Species farmed in aquaculture
Aquaculture species overview
According to The State of World Fisheries and Aquaculture 2020 report by the United Nations Food and Agriculture Organisation:
- In 2018, over 600 aquatic organisms were farmed across the world.
- Despite this great diversity, only a handful of species make up most of the production volume.
- For example 90% of fish production was through rearing just 27 species or species groups.
- Compared with finfish, fewer species of crustaceans, molluscs and other aquatic animals are farmed.
Online database of species profiles
We have created an online database with information on those farmed species of fish and shellfish relevant to the UK seafood market. Click the link below to browse our species profiles:
Classification of species and farming methods
Aquaculture species and how they are farmed can be sorted in various ways.
Organisms can be classified depending on where they live; in freshwater, marine waters (salty water), or both - so called diadromous species.
How a species feeds is another means of classification. Depending on the aquatic animal, the farmer may need to provide food in the form of man-made feed, often in the form of pellets. Most finfish and crustacean species need to be fed. Other organisms like seaweed, shellfish, some fish species such as carp, will absorb dissolved nutrients and/or feed on naturally occurring food, such as plankton, found in the water they’re grown in. Shellfish for example, filter the water to remove these food particles and are therefore referred to as ‘filter-feeders’.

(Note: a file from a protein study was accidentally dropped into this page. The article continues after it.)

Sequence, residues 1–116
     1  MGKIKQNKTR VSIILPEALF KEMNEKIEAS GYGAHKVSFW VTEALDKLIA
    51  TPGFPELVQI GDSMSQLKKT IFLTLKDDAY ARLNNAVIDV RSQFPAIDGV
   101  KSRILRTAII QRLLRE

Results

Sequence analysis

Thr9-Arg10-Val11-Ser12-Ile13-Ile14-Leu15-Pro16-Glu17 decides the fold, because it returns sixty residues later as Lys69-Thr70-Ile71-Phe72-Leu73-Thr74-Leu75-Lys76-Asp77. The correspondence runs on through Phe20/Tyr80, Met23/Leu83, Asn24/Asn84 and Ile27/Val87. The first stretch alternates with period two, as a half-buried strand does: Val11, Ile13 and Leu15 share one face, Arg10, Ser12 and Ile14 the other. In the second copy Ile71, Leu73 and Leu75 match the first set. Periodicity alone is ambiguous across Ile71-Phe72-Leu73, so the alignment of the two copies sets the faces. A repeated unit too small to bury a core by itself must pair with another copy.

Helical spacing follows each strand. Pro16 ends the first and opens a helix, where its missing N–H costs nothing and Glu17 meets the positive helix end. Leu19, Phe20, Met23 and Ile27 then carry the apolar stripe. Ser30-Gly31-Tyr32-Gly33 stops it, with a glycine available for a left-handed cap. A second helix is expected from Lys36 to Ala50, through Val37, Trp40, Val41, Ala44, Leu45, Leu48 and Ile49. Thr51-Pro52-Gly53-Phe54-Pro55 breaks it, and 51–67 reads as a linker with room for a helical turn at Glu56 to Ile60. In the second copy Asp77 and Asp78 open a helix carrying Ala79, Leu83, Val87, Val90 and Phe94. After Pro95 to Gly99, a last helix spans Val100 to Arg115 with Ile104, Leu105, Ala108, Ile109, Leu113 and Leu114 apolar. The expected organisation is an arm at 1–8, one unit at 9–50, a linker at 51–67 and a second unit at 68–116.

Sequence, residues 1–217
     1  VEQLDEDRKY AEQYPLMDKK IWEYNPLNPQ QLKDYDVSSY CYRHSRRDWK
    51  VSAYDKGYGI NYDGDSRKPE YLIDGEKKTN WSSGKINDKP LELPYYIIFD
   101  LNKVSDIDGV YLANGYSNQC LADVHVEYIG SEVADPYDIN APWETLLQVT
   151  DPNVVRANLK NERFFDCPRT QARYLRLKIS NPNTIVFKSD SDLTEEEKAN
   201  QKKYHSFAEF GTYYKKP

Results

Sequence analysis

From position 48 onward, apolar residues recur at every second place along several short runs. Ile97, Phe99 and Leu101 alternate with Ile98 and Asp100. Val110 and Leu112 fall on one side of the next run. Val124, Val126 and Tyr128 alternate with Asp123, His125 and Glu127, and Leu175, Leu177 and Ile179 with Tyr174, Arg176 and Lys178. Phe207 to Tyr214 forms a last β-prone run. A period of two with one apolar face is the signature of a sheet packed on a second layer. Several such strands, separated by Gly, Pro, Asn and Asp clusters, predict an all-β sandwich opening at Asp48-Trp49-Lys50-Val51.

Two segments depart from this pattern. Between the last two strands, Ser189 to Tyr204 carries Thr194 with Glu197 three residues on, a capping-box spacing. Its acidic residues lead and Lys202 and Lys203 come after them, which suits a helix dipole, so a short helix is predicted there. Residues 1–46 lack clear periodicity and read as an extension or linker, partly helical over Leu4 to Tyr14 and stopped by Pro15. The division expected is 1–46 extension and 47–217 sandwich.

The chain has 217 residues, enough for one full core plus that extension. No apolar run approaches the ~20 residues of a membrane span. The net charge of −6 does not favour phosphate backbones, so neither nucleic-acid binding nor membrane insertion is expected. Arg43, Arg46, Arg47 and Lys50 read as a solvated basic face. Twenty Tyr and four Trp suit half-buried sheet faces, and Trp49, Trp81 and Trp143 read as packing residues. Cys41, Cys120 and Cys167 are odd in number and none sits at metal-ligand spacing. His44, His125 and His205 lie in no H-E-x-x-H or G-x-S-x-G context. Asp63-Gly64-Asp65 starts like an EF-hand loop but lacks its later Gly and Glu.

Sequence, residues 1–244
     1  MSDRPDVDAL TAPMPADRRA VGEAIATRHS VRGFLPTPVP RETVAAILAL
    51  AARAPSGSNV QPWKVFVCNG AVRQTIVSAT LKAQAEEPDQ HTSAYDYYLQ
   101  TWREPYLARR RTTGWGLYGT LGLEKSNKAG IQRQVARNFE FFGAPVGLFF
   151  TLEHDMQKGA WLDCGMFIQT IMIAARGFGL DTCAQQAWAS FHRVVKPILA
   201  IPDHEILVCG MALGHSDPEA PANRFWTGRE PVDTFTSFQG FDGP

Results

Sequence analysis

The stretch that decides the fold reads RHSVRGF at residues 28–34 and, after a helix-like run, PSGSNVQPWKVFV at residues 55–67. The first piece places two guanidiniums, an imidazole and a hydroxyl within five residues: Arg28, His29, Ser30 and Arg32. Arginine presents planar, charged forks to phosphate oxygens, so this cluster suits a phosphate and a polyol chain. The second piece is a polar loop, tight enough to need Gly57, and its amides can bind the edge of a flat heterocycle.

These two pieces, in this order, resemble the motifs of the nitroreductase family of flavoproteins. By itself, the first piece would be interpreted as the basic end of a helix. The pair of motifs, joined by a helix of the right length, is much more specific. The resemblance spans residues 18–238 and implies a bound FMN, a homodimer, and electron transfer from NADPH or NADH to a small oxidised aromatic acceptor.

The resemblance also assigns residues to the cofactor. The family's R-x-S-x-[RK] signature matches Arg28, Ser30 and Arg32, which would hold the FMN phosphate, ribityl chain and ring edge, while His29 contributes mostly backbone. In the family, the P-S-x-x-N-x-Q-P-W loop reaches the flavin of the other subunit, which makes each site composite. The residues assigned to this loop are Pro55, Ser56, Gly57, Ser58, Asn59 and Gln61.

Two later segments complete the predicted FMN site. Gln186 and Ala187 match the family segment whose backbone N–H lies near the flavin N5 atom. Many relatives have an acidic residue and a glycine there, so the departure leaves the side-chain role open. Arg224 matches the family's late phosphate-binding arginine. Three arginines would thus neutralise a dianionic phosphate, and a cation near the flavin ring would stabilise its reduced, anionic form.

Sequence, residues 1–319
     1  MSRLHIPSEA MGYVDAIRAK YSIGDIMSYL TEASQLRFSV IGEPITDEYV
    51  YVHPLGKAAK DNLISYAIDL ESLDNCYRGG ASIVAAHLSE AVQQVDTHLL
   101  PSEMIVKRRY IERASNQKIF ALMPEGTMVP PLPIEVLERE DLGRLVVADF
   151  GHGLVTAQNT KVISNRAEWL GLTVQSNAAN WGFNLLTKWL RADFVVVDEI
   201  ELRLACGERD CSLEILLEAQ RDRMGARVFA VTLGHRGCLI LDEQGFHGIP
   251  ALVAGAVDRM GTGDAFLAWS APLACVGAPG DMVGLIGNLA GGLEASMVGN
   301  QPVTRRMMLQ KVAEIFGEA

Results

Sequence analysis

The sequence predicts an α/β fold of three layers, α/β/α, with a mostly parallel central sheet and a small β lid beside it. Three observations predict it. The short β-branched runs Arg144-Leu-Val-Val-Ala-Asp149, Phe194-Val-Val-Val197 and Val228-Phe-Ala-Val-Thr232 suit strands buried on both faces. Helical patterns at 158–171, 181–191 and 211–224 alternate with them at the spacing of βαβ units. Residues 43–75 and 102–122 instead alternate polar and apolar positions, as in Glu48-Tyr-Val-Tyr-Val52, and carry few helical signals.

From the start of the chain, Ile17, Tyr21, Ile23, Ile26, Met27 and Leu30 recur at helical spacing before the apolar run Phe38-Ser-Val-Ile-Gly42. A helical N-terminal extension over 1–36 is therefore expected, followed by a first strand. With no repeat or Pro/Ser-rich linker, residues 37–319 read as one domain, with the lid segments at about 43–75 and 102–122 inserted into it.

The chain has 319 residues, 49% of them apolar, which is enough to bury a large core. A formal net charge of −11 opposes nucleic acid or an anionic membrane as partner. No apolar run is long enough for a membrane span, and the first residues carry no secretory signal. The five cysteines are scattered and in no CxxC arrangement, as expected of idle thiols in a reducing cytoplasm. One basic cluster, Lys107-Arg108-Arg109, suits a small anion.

How many fish or shellfish in an area or volume of water used by the farm – the ‘density of stock’- is also used to classify the farms production. It could be extensive (with low density stocking), semi-intensive, or intensive (high density). The type and intensity of farming depends on the species and on how much we want to buy and eat it. This is known as ‘market demand’.
Generally fish and shellfish are farmed in ponds, tanks, suspended on ropes or poles, or held in nets and cages in freshwater lakes or waters around the coast. Shellfish such as bivalves (those with two hinged shells protecting the fleshy part of the animal) generally don’t move around so they can also be left to grow on the seabed.
There is increasing investment across the world in farming aquatic species, such as salmon or warm water prawns, on land in technologically advanced and bio-secure Recirculating Aquaculture Systems, otherwise known as RAS. It'll be fascinating to see how this exciting area of seafood production develops in the coming years.
Further information on aquaculture production
Click the links below to find out more about aquaculture production: